Looks like Barclays is the latest bank to get slapped with a lawsuit courtesy of New York State Attorney General Eric Schneiderman. The issue at hand: Dark pools. Indeed a term like that is filled with suspense and intrigue but more importantly, questionably ethical high frequency traders (or HFT’s as the cool kids call it). As necessity is the mother of invention, dark pools were crafted for institutional investors to trade huge amounts of shares under the mysterious cloak of anonymity. HFT’s were allegedly given special access to Barclays dark pools and now the bank stands accused of helping to hide the dubious ways of these HFT’s. What is the harm of all this to you? Glad you asked, telepathically, of course. HFT’s benefit by putting other investors (perhaps yourself) at a disadvantage. Some argue that HFT’s provide a public service by inadvertently (or advertently?) reducing trading costs. The SEC and Department of Justice argue otherwise.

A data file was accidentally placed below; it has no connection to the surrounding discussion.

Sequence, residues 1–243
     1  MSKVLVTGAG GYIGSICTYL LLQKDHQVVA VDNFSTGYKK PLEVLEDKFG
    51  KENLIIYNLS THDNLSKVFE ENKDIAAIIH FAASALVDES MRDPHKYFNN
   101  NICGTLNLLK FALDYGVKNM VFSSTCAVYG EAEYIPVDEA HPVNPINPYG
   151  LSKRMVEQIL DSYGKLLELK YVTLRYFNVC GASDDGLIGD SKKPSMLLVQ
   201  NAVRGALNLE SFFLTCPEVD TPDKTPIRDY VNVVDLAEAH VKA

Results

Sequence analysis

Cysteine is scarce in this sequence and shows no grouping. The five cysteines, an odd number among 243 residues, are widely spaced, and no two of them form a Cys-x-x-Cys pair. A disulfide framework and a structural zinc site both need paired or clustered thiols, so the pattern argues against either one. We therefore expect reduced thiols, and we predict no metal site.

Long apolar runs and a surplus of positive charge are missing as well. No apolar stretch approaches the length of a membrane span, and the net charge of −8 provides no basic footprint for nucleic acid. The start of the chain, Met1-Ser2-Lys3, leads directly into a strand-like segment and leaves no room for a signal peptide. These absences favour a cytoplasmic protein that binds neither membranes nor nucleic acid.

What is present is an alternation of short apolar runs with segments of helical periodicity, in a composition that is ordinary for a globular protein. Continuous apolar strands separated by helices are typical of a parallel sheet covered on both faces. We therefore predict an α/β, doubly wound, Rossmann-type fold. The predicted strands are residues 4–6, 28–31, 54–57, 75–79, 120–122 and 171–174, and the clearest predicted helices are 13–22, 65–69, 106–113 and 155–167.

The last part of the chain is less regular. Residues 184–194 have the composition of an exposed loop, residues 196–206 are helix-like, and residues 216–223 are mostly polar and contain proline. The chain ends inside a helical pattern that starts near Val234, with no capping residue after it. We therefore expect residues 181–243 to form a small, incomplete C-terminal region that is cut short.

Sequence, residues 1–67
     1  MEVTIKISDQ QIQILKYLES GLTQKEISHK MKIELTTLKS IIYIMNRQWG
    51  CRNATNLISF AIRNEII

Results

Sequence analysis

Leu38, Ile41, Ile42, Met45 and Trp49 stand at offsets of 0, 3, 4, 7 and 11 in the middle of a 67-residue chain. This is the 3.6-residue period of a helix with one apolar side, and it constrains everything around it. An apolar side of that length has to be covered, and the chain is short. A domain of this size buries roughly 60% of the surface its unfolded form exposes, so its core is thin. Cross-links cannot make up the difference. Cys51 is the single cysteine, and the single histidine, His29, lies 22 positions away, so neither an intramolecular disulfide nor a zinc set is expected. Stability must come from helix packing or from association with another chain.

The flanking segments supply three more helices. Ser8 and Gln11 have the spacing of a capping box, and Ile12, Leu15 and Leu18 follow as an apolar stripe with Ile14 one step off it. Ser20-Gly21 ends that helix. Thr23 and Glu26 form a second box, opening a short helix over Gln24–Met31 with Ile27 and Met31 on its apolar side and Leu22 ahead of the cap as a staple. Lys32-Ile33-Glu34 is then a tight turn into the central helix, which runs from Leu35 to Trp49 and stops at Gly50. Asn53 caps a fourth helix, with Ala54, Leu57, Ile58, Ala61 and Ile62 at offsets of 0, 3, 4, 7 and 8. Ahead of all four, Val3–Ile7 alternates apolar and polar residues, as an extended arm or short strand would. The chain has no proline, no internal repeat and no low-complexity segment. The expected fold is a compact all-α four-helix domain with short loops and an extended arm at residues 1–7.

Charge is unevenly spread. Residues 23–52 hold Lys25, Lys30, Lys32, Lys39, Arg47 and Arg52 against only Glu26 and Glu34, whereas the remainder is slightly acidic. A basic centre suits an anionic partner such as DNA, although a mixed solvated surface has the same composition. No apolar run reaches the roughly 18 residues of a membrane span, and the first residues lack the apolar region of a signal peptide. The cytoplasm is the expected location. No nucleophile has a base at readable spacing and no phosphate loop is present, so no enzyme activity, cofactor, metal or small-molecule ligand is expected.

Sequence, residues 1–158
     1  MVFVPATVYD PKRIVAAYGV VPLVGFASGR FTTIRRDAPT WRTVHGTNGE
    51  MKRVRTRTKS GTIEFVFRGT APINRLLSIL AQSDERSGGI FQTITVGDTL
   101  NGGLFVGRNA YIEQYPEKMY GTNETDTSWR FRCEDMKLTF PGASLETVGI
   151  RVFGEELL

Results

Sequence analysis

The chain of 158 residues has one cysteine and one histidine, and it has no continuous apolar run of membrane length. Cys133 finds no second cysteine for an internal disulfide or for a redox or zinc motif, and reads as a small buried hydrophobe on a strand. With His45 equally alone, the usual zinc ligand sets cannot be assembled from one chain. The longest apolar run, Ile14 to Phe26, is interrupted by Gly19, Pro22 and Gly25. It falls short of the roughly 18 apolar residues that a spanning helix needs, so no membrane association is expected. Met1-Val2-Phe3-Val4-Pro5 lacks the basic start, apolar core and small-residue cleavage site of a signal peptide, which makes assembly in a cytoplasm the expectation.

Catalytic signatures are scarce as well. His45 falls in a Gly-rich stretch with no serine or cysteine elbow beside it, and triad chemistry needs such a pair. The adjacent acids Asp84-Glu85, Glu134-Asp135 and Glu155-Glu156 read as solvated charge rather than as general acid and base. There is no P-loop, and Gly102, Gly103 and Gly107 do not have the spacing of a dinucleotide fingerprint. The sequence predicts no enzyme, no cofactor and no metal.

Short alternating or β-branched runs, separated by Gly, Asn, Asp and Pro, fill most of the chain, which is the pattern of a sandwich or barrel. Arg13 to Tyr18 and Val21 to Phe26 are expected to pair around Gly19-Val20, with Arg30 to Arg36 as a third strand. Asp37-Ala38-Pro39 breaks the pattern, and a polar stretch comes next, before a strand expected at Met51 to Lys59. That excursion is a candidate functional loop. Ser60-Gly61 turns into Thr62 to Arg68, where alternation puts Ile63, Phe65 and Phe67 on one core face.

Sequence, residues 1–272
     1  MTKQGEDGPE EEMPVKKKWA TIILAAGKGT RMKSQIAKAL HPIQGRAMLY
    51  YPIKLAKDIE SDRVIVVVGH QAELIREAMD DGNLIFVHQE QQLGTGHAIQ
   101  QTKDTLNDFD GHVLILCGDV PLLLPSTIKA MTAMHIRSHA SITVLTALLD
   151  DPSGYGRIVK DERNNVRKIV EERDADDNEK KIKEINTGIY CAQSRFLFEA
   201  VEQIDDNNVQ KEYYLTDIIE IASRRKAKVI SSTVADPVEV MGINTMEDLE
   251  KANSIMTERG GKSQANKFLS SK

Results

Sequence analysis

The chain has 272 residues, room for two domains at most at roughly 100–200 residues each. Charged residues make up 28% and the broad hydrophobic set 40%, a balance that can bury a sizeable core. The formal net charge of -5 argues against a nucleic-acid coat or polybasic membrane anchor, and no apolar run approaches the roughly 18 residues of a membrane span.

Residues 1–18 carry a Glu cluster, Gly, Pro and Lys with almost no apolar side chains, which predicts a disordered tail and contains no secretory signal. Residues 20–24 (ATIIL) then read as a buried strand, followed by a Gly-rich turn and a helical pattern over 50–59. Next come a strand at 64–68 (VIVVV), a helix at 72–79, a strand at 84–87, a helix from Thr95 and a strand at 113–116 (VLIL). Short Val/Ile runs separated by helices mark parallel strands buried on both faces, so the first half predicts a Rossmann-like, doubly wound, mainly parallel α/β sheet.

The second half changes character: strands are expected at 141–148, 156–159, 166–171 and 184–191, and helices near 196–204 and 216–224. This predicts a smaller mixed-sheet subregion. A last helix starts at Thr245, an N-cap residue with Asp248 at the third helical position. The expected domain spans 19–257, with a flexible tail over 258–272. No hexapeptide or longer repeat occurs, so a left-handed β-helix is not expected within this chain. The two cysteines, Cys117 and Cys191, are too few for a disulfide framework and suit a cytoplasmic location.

Crumb-y sales…

Image courtesy of rakratchada torsap/FreeDigitalPhotos.net

Image courtesy of rakratchada torsap/FreeDigitalPhotos.net

General Mills announced its earnings. Not that it made much difference as the company’s earnings came to resemble little more than a virtually flat line. So now the company, best known in my home for such classics as Coco Puffs and Cinnamon Toast Crunch, will embark on a “formal review” which is just corporate code for finding ways to cut costs and make a ton more money. But it wasn’t a complete flat line. After all the company did go down 7% in international sales. Here in the States sales fell 3% in categories including (but not limited to) frozen foods and yogurt. Cereal remained the same at $2.4 billion in sales. The CEO blamed some of the disappointing earnings on lots of promotional spending that fell flat – no pun intended. Well, maybe just a little.